I don’t want to have to repeat any of this.
Here we go then.
My first true love…obsession…in the world of pop music was Richard Paul Astley.
Everybody get that?
He wasn’t a crush like I had on Anna Wallace…or Zoe…or Emma…or, well you get the idea.
This was the love that dare not speak its name.
When a young man sees in another, older, man the person that he wishes he could be.
Like every other fourteen year old with no real friends, no ability to play sport, no real academic prowess, acne ridden and awkward I had turned to books and music as a means of escaping whatever it was that I was doing that wasn’t living.
I had some of my dad’s old records.
I was particularly fond of a Kool and the Gang compilation and a Beach Boys compilation.
Oh, I also used to listen to “I’m a Boy” by The Who on heavy rotation because it sounded so dangerous and weird and all sorts of other stuff I didn’t really understand.
I had some records of my own too like Erasure’s The Circus…which I maintain to this day is one of the greatest albums ever recorded by anyone at any point…ever.
There might have been a Now That’s What I Call Music… floating around in my collection too.
I’ve just checked.
It was “Now…6”.
I have very vivid memories of singing along in front of the mirror to “A Good Heart” by Feargal Sharkey long before I had ever heard of The Undertones. I can also see myself doing some sort of interpretive dance to “Running Up That Hill” by Kate Bush…flinging my arms around wildly and spinning around in circles. And trying really hard to sing like Jimmy Somerville on “You are my World” by The Communards.
None of this stuff felt like it really belonged to me though.
Even the modern stuff felt like it had landed in my lap…which it had because the records had all been gifts and not gifts that I had requested, just records that people thought a fourteen year old boy might enjoy.
Then I saw Rick Astley on Top of the Pops.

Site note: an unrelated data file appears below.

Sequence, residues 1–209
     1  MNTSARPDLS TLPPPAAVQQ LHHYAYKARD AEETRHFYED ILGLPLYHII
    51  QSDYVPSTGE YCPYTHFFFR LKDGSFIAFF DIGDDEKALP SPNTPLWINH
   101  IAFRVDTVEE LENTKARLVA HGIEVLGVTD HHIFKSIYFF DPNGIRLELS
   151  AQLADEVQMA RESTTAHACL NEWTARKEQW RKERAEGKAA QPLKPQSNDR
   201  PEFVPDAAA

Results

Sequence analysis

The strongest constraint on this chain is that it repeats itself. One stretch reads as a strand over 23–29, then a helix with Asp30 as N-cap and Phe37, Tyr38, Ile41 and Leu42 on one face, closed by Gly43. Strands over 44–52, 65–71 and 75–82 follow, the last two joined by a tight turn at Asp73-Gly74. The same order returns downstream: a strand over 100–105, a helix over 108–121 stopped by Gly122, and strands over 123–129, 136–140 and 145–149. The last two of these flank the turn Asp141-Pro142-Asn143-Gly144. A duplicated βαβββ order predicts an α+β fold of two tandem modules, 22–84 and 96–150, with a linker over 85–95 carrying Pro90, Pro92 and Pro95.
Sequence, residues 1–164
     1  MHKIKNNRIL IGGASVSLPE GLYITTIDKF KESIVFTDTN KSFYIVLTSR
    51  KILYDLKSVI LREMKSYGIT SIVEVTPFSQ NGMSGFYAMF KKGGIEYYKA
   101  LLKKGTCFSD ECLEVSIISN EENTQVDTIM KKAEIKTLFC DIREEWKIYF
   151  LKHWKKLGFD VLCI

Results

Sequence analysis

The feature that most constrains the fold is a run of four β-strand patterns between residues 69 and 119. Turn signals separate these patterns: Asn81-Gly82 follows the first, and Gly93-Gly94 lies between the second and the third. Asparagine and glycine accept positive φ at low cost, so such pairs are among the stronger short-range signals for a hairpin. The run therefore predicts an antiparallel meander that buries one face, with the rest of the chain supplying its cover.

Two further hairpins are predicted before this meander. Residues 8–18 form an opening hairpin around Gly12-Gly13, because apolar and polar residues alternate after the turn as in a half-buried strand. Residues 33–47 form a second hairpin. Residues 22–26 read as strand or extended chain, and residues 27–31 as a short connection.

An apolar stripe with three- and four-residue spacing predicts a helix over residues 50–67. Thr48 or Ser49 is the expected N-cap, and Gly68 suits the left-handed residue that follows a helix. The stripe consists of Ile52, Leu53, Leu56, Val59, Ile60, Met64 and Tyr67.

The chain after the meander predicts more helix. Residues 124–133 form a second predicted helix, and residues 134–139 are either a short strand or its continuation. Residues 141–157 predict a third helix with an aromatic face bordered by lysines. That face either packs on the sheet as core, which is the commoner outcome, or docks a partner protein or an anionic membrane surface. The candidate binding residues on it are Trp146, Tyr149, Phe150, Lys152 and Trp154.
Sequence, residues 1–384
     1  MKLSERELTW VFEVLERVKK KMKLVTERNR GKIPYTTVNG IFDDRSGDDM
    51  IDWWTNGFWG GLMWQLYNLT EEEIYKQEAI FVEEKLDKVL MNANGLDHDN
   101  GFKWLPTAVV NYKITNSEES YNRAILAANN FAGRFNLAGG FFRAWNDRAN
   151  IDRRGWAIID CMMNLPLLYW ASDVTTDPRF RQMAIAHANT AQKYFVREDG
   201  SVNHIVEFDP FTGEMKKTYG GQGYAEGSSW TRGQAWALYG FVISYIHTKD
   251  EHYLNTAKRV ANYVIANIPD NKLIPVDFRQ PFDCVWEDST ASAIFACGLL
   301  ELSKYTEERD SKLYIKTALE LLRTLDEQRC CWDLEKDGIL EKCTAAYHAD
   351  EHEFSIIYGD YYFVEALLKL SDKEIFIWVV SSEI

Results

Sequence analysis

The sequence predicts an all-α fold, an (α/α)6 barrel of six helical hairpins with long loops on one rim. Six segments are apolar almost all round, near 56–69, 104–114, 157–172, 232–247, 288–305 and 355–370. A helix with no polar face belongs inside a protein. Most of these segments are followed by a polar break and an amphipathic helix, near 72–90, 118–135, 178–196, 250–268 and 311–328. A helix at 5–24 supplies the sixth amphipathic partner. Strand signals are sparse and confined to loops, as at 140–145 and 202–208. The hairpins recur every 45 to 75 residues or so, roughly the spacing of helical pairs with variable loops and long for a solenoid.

He was wearing a double breasted suit or blazer with chinos…black.
A black roll neck top.
He looked, to these teenage eyes of mine, like the coolest person in the world.
Thirty years later he still looks cool…
I immediately requested a copy of his album “Whenever You Need Somebody”.
At the same time I also requested a double breasted blazer like Ricks and some chinos.
My parents were very loving and, thankful that I had left my bedroom, acquiesced to my simple demands.
I listened to that album, while dressed in my Rick Astley uniform (fine, costume) over and over again.
I loved it.
My maternal grandparents lived in a small town in West Lothian called Whitburn. It had been where I had lived up to the age of ten. Once or twice a month we would drive from our new home in Fife to visit them after Church on a Sunday. They lived on Union Road in home that even now, three decades after I last set foot inside it, I can still walk through in my mind…three steps up to the front door, the bathroom directly in front of you, right up the hall past a guest bedroom with a single bed on the left, the kitchen on the right, my grandparents bedroom at the end of the hall on the left and the sitting room at the very end of the hall in front of you with a coal fire and the smell of Capstan Full Strength hanging heavy in the air.